On 10/25/07, Joe Pluta <joepluta@xxxxxxxxxxxxxxxxx> wrote:
Especially the out-of-the-box experience is WORSE with i5/OS.
Agh. Can we drop this? If you spend tens of thousands of dollars on a
machine and you aren't prepared to secure it, you deserve what you get.

I'm sorry, but disagree with this basic premise. In a perfect world,
it would work out like this.

But the problem is that people don't care that much, and they make mistakes.

If you get in a car without knowing how to drive, you're going to get into a
wreck. If you start doing wiring in your house without knowing what you're
doing, you're going to die. If you go hunting without knowing firearms,
you're the Vice President of the United States... oops, cheap shot <grin>.

I can't start my AT car without pressing brake, because people
totalled their cars.
I can't start my bikes engine without being in neutral or having
pulled the clutch.

People make mistakes, and there should be safeguards for these mistakes.

i5/OS can prevent most(all?) buffer overflows. But why should it?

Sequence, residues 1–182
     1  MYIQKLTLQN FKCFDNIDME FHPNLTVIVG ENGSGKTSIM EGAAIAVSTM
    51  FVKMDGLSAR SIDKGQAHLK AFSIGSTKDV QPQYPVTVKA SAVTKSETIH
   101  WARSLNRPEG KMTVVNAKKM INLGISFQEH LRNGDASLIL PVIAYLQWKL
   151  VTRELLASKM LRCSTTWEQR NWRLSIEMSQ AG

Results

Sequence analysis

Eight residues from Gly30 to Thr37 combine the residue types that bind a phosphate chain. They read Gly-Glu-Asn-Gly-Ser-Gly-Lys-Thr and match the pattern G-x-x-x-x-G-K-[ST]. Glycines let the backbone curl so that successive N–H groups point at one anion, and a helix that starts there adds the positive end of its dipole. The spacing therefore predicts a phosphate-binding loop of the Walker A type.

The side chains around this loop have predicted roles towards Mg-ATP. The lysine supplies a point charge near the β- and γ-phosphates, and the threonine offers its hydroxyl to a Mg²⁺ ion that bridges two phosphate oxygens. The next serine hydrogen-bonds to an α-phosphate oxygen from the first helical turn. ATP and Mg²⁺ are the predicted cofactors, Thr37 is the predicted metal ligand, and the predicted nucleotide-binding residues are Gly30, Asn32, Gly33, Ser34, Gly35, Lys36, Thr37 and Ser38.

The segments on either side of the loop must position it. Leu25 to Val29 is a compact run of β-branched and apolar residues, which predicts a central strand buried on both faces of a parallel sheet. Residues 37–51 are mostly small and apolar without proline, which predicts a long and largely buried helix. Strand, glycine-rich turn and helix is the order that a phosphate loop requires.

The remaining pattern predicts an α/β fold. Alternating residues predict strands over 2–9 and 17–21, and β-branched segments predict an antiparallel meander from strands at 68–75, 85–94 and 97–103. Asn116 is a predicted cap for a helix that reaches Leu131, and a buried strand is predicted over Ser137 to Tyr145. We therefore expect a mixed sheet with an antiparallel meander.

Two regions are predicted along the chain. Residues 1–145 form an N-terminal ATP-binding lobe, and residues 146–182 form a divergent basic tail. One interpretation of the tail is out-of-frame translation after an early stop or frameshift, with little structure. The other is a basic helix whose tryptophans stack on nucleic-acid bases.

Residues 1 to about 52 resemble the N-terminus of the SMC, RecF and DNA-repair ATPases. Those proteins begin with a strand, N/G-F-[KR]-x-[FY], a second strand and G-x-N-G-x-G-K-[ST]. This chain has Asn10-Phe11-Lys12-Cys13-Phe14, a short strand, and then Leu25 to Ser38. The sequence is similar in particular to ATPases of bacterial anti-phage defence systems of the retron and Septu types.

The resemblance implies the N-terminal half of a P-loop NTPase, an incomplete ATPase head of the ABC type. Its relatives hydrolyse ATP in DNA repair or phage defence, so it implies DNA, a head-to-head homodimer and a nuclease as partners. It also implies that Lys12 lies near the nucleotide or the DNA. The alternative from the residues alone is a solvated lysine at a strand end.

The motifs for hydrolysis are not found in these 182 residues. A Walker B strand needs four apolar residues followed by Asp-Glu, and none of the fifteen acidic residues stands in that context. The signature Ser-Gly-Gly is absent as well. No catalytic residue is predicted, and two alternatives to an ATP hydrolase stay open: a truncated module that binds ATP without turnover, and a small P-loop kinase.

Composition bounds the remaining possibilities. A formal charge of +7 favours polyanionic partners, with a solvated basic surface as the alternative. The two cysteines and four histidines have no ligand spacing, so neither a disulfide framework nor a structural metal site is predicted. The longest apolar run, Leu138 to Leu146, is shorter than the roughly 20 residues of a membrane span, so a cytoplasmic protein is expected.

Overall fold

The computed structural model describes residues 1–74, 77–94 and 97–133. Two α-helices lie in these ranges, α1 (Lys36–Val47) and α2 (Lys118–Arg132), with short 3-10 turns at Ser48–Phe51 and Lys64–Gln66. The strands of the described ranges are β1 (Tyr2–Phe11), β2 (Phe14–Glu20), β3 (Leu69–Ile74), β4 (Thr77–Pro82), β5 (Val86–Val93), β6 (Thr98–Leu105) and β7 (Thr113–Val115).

Programmers could just write stuff that does not HAVE buffer
overflows.

You expect more from a System Administrator than you expect from a
Developer. Why should the System Administrator be perfect, when the OS
protects the Developer who is not?

Anyway, if you expect the machine to be secure out of the box, then you will
be burnt. The trick is, how much does it take to secure the machine
properly, and how much does it take to keep it secure? And remember, with
Windows, you need to multiply that times however many servers in your server
farm.

Windows has a different model of operation, which has advantages and
disadvantages. I don't know how much you know about Windows
administration, but let me assure you that applying (not designing!) a
security policy on 500 servers does not require much more work than
applying it to only one machine.

And believe me Lukas, I'm not trying to downplay your concerns. I
understand your pain. At the low end SMB level, the tradeoff may be small
enough to justify the Windows machine. But that's the price you pay for
playing in the SMB space.

It's important to know that at the SMB space, the choice is usually
"Windows" or "Windows and a System i" (not always, just usually).

Just so that you don't get me wrong. I don't hate or dislike the
System i. I just think that there are lots of things that IBM needs to
get their hand on, and fix swiftly if they want to stay competitive.

(There are also a lot of things about Windows that are idiotic,
stupid, misengineered, overpriced, etc. but i don't think this is the
list to write about this)


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